However, this looks more like a workaround to me, as I understand a file
cannot contain other files. Is this understanding correct? Or am I
missing the actual point here?
A file can contain other files. If they can be
"transformed into standalone files without adding any additional
information, although a transformation process such as decompression,
decoding may have to be performed on the bitstream in the extraction
process. Examples of these
bitstreams include a TIFF within a tar file, or an encoded EPS within an
In the PREMIS data model these bitstreams are defined as “filestreams,”
that is, true files
embedded within larger files. Filestreams have all of the properties of
files, while bitstreams do
not. In the Data Dictionary, the column for “File” applies to both files
and filestreams. The
column for “Bitstream” applies to the subset of bitstreams that are not
filestreams and that adhere
to the stricter PREMIS definition of bitstream. The location
(contentLocation in the Data
Dictionary) of a file would normally be a location in storage; while the
location of a filestream or
bitstream would normally be the starting offset within the embedding
file." (p. 1-3, Data Dictionary )
If this is not interpreted as a compression (like mentioned in the onion
model) filestreams can be described as files. And their relationships
should in my opion be described - as you mentioned - through the
semantic unit relationship on the representation level.
But that is no real answer to your question. The crucial point is now,
if I understand you correct, where and how to embed this information.
The easiest way to embed the metadata in a structured form is in the
SIP/zip file. That is how it is handled in the kopal project. One would
not have any problems pointing to files in that case.
With the possibility to point into files (like METS fptr, see:
http://www.loc.gov/standards/mets/docs/mets.v1-5.html#fptr) one can keep
Metadata on the outside of the SIP/zip. That could also be done with the
definiton of a (bit more flat) structure in an own XML-schema to
identify different sections of spearated PREMIS XML data.
Another possibility might be the solution brought up by Youn. But I do
not know how to model that at this point in time.
That solution might even lead to problems, because it is open how
relationships might correlate. If you have an undefined (or even cyclic)
hierachy of relationships (e.g. some structural and derivative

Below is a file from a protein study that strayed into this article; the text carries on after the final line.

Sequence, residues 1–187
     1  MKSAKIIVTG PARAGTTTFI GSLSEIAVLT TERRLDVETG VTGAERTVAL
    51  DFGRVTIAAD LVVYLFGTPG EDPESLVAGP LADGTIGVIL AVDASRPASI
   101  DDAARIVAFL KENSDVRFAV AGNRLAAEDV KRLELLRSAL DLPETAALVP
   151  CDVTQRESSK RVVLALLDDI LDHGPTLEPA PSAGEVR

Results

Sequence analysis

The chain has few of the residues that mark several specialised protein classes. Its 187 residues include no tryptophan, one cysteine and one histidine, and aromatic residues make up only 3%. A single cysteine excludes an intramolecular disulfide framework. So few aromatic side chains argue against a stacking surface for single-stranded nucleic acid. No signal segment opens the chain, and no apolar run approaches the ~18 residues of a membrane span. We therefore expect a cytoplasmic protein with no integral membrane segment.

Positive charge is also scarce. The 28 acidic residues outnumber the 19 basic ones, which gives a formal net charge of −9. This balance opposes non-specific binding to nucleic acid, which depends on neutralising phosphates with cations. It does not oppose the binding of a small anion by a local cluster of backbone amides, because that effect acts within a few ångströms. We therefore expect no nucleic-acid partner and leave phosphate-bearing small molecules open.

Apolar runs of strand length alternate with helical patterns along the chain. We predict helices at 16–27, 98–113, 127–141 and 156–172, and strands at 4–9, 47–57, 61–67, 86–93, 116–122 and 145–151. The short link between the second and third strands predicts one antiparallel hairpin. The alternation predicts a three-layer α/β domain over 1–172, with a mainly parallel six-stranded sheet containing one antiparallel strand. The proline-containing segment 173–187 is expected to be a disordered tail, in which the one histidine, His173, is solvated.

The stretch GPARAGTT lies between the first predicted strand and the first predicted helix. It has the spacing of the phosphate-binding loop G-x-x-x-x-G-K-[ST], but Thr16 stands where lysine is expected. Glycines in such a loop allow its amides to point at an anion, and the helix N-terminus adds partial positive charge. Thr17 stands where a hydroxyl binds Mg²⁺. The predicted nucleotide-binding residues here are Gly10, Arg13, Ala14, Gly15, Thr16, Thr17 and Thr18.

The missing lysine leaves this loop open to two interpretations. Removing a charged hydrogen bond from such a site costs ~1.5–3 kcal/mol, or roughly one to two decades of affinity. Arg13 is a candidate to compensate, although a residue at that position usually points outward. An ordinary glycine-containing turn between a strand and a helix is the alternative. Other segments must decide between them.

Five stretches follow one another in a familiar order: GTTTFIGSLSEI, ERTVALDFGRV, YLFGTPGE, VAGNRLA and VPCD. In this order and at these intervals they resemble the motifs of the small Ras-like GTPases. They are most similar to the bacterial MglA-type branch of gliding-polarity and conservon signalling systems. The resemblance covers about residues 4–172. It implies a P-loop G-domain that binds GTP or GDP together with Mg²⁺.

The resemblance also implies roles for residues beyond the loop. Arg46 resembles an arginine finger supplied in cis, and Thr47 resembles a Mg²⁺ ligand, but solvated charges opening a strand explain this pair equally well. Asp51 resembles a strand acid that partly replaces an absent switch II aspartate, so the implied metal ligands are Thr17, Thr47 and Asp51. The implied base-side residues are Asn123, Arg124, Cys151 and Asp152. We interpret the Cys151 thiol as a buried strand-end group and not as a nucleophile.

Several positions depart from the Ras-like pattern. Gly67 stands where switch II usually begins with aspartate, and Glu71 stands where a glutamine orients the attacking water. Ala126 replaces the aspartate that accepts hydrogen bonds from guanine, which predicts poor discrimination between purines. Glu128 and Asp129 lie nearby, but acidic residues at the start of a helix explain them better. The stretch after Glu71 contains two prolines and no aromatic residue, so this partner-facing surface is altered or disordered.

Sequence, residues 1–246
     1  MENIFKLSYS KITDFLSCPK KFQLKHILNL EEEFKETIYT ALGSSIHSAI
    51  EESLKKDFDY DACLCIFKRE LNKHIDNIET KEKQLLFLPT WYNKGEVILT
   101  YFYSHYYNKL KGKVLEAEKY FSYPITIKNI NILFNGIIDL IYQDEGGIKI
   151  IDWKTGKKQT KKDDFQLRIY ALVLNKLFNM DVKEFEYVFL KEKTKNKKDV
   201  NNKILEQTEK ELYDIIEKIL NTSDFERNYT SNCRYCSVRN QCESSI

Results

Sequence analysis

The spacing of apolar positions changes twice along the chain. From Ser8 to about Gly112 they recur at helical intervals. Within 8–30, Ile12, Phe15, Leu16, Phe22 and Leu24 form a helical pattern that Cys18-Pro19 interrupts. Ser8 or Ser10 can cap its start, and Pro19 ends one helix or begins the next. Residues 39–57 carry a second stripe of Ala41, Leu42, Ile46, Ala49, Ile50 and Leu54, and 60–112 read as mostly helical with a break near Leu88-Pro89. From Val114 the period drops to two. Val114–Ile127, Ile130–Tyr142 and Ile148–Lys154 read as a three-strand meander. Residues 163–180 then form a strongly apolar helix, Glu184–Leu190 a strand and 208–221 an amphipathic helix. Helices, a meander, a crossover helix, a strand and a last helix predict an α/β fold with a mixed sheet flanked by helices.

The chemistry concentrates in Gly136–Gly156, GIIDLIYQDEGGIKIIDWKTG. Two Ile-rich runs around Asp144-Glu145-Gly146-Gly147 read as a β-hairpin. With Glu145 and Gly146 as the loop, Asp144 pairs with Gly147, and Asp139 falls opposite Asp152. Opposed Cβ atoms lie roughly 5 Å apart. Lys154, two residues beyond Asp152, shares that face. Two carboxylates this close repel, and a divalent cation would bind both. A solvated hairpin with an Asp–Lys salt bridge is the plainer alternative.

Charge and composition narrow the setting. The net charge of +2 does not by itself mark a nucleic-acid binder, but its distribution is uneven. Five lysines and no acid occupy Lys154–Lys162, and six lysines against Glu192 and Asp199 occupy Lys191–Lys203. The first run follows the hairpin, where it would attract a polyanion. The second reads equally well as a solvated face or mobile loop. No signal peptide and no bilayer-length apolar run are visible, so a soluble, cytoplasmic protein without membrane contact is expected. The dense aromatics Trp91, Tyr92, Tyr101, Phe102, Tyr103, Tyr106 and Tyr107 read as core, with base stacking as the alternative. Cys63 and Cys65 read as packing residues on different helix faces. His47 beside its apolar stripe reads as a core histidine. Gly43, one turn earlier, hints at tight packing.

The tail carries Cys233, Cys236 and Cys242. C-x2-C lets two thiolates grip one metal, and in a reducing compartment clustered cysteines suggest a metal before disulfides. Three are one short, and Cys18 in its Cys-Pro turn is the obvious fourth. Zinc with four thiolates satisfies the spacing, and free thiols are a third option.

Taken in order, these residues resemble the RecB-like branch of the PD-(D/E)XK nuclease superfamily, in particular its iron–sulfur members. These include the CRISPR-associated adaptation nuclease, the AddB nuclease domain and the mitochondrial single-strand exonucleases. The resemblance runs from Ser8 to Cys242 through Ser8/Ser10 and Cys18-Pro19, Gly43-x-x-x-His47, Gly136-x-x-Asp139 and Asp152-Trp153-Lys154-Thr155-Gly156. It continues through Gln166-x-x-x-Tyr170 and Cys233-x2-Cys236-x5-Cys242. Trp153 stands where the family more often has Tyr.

relationships), how would one express the relations between these
relationships (and their meaning)? This is not yet defined in the PREMIS
Data Dictionary but may then become relevant for exchange of
information. My impression is that PREMIS is thougt in a bit more flat
and easier way, related to this relationship issue. But maybe I am wrong.
I hope I touched the right issue.
Georg Buechler schrieb:
> We've just been discussing a similar question, so thank you Youn for bringing this up!
> We decided to use PREMIS to record metadata in a digital preservation project with state archives in Switzerland. I should point out that this is really a very basic, pilot project, and that we are not using METS, which may be the cause of some of the problems we encountered. Namely, we are archiving data from a database-driven application. We plan to combine several plain-text data files, information about the data model, and other files into a zip-file. So we have a representation (the AIP in the current form) consisting of one file (the zip-file) which itself consists a couple of other files - there clearly is a hierarchy of files that is difficult to model in PREMIS. Example 3 in the PREMIS Data Dictionary (p. 3-34 sqq.) gives a hint of how to achieve this, namely through the use of the "relationship" semantic unit. However, this looks more like a workaround to me, as I understand a file cannot contain other files. Is this understanding correct? Or am I missing the actual point here?
> Thanks for any kind of clarification.
Goettingen State and University Library
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